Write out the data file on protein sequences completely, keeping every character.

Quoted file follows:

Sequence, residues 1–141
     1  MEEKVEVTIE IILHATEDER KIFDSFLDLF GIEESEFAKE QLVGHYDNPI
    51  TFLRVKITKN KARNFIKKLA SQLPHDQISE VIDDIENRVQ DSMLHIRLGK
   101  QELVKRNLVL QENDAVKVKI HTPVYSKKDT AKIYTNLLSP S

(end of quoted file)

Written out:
Sequence, residues 1–141
     1  MEEKVEVTIE IILHATEDER KIFDSFLDLF GIEESEFAKE QLVGHYDNPI
    51  TFLRVKITKN KARNFIKKLA SQLPHDQISE VIDDIENRVQ DSMLHIRLGK
   101  QELVKRNLVL QENDAVKVKI HTPVYSKKDT AKIYTNLLSP S